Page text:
Remarkably, a visit to Sweden, which in recent years emerged as a leading campaigner for immigration, marked a turning point in the pontiff's philosophy, Swedish news outlet Fria Tider reported. By coincidence, Pope Francis visited Malmö, which is widely celebrated as Sweden's most multicultural city, yet is also facing the toughest integration problems, with more than a half of the population being of immigrant descent.
Accordingly, Pope Francis shed his undiscriminating approach and instead insisted on the importance of distinguishing between migrants and refugees, suggesting that they represent very different problems. This distinction echoed complaints from European tax-payers that many migrants flock to Europe to take advantage of its wide-ranging social welfare benefits, Thomas D. Williams, Rome-based Catholic theologian and professor of Ethics at the University of Saint Thomas, wrote in Catholic newspaper Crux.
According to Pope Francis, failure to properly integrate immigrants may give rise to subcultures where foreigners stick to their customs and neglect the need to adapt to the ways of their new homeland, creating in effect ghettoes. This was a clear reference to Sweden, which is struggling with numerous so-called "no-go zones" where law-enforcement authorities only have limited impact and which are feared to become a breeding ground for terrorism and extremism.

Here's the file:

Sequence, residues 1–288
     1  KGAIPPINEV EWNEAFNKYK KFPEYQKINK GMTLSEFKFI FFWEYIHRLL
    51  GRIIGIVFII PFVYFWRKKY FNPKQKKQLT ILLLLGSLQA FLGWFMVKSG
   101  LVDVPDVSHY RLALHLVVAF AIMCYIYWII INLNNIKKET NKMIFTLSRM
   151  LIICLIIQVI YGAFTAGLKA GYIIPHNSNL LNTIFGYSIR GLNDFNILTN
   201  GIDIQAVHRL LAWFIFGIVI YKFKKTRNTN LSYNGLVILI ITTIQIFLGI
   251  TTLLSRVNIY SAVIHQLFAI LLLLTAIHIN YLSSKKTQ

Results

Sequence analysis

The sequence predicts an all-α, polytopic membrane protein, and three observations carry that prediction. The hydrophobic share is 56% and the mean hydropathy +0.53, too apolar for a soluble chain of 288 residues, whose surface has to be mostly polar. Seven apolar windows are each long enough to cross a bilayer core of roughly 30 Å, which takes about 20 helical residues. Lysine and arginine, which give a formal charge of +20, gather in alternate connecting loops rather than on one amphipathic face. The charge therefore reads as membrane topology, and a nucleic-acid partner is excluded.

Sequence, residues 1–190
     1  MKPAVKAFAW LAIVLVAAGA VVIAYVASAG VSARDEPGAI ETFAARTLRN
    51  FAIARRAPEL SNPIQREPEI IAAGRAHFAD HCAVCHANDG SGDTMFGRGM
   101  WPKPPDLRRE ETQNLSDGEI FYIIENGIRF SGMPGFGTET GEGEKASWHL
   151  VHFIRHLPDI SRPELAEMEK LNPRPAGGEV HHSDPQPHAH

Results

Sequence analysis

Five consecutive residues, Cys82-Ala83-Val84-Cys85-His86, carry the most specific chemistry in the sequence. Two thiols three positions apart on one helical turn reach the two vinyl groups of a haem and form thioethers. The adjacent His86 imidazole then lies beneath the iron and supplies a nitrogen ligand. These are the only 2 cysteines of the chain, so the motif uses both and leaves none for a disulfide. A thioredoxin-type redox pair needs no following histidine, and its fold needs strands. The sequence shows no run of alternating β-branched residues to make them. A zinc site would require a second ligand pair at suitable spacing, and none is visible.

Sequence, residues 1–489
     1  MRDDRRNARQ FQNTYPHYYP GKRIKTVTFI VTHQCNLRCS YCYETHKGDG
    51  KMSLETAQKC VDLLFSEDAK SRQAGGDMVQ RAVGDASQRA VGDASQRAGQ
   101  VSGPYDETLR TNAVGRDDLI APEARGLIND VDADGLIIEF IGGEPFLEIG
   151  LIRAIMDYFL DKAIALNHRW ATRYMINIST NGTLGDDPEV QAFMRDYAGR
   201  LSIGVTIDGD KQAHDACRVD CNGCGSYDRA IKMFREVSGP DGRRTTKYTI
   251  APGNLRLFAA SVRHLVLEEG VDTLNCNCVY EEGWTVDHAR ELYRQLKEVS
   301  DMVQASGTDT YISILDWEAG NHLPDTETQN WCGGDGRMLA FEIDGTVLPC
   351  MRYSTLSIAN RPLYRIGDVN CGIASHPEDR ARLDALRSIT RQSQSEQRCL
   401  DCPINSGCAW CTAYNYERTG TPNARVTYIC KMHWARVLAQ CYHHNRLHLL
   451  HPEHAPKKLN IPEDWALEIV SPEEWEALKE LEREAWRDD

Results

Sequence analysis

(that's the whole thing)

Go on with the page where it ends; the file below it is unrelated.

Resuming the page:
"What is the danger when a refugee or migrant is not integrated? He becomes ghettoized, that is, he enters a ghetto. And a culture that does not develop in relation with another culture, that is dangerous," Pope Francis said, as quoted by the Catholic newspaper Crux.
Finally, the pontiff argued that an "open hearts" policy, which Sweden has incidentally pursued for the last decade, should not overshadow political prudence. According to the pontiff, European nations have the moral right to close their borders once they feel that they are no longer able to accommodate and integrate newcomers.
"And if a country is only able to integrate twenty [refugees], let's say, then it should only accept that many. If another is able to do more, let it do more," the pontiff said.
Last year, Sweden, a Nordic nation of roughly 10 million, took in a record 163,000 asylum-seekers and has since proven unable to integrate all the newcomers. As of summer 2016, fewer than 500 had managed to get a job and were paying taxes, leaving the overwhelming majority dependent on the welfare system.
The city of Malmö, which Pope Francis visited in early November to mark the 500th anniversary of the Reformation, is Sweden's most multicultural city. Whereas it is home to people from 174 countries and speakers of 150 languages, it also embraces some of Sweden's most nefarious "exclusion areas" marked by violent crime and budding extremism.